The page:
In Ancient Ujjayinī, the Brahmin Chārudatta has lived virtuously and honorably. However, because of his generosity, he now finds himself in poverty--rather than a gold toy cart, his son can only have a little clay cart to play with. But even though he is poor, Chārudatta is still of the highest caste and is treated with respect by almost everyone in their city. The one exception is the king’s brother-in-law, Sansthānaka--a villainous lecher in love with the lovely courtesan Vasantasenā, who will do anything to have her. Vasantasenā is in love with Chārudatta (as he is with her), creating a complicated love triangle of caste, honor, jealousy, and devotion.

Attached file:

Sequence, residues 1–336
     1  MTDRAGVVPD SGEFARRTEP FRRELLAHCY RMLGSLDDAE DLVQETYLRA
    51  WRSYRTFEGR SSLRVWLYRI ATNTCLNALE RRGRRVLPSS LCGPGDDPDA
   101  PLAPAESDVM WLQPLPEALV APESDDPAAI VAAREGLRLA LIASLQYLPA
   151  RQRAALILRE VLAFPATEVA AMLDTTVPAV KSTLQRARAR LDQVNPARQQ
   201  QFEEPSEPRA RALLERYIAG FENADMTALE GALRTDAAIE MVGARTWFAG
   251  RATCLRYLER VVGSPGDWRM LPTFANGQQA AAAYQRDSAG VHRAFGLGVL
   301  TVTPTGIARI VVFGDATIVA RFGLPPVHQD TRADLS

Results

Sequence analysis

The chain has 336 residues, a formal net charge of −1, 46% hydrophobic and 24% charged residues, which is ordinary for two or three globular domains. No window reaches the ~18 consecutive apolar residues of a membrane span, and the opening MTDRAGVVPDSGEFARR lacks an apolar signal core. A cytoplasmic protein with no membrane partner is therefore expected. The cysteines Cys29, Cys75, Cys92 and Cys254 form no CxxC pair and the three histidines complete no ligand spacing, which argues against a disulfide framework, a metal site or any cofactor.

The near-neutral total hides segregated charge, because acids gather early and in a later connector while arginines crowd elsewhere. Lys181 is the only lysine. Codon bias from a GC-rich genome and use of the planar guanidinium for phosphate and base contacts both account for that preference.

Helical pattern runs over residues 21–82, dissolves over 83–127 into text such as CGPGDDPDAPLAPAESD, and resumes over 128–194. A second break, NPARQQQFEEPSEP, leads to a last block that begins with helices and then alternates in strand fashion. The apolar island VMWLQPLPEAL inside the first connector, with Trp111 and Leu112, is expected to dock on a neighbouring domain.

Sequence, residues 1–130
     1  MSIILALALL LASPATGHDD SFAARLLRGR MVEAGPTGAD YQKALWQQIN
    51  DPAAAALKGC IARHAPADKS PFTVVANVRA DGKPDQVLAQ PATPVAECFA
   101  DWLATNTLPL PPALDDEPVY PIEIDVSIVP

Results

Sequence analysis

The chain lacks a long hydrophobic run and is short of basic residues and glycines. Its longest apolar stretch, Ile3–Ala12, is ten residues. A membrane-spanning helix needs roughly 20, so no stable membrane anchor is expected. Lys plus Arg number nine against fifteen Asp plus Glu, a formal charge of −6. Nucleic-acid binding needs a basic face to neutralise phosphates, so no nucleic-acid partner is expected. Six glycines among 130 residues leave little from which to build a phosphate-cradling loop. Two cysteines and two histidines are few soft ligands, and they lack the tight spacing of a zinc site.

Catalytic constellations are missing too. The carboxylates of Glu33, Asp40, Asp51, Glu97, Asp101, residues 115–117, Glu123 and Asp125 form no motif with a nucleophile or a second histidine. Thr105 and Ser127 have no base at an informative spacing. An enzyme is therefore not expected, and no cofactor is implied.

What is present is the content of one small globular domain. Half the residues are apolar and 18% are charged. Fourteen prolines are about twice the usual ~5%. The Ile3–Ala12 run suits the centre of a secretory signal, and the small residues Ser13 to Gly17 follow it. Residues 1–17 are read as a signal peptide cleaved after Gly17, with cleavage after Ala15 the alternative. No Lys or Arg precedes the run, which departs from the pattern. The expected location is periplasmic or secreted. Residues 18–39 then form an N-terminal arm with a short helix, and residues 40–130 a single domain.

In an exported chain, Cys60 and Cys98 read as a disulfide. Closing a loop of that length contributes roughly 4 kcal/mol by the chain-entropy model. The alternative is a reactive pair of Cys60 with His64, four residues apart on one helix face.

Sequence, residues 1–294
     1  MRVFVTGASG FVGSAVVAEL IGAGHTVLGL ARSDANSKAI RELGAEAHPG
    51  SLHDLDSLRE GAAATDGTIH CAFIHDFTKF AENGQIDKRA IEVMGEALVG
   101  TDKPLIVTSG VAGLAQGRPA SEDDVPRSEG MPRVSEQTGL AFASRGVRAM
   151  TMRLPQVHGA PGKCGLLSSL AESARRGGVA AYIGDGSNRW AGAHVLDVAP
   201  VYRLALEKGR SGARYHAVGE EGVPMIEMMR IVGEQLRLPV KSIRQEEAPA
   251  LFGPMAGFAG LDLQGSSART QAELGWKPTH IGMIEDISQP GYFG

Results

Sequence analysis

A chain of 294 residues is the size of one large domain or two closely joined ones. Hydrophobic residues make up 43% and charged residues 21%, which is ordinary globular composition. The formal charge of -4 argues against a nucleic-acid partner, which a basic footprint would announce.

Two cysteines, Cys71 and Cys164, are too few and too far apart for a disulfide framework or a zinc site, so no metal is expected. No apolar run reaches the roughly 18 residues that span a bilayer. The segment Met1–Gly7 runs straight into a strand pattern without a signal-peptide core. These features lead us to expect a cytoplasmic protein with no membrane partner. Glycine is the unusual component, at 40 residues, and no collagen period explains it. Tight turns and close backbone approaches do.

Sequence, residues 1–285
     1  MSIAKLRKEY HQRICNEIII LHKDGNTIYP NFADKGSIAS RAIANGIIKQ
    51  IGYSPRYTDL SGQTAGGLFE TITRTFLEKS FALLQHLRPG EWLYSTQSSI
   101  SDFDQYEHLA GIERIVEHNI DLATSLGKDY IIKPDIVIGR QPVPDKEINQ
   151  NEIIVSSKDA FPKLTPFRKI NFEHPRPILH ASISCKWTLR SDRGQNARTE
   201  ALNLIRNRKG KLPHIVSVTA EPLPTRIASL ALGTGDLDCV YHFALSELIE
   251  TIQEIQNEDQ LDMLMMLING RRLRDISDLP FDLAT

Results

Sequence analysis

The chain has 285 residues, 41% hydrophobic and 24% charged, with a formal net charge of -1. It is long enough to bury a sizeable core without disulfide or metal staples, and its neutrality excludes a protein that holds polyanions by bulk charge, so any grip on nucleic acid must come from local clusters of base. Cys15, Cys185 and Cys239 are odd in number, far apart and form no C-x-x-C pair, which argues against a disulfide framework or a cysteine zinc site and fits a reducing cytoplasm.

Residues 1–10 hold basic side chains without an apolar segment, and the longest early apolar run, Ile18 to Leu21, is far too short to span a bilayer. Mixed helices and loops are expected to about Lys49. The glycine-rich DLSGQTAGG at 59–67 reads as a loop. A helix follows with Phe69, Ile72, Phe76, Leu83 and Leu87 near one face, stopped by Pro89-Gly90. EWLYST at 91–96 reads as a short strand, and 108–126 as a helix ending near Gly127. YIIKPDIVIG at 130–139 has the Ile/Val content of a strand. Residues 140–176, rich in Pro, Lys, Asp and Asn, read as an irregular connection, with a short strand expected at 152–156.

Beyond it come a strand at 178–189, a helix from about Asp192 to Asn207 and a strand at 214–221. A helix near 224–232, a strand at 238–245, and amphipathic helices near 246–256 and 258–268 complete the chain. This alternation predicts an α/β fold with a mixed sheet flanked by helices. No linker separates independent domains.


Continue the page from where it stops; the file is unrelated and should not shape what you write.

Little Clay Cart, written in the fifth century, is one of the most popular Sanskrit dramas from the period. Unlike many Sanskrit dramas, Little Clay Cart is not pulled from mythology but presents everyday people making their way through life and love. It is often translated and regularly performed both in Indian theatre as well as Western theatre, cementing its universal appeal for audiences around the world.
Little Clay Cart guide sections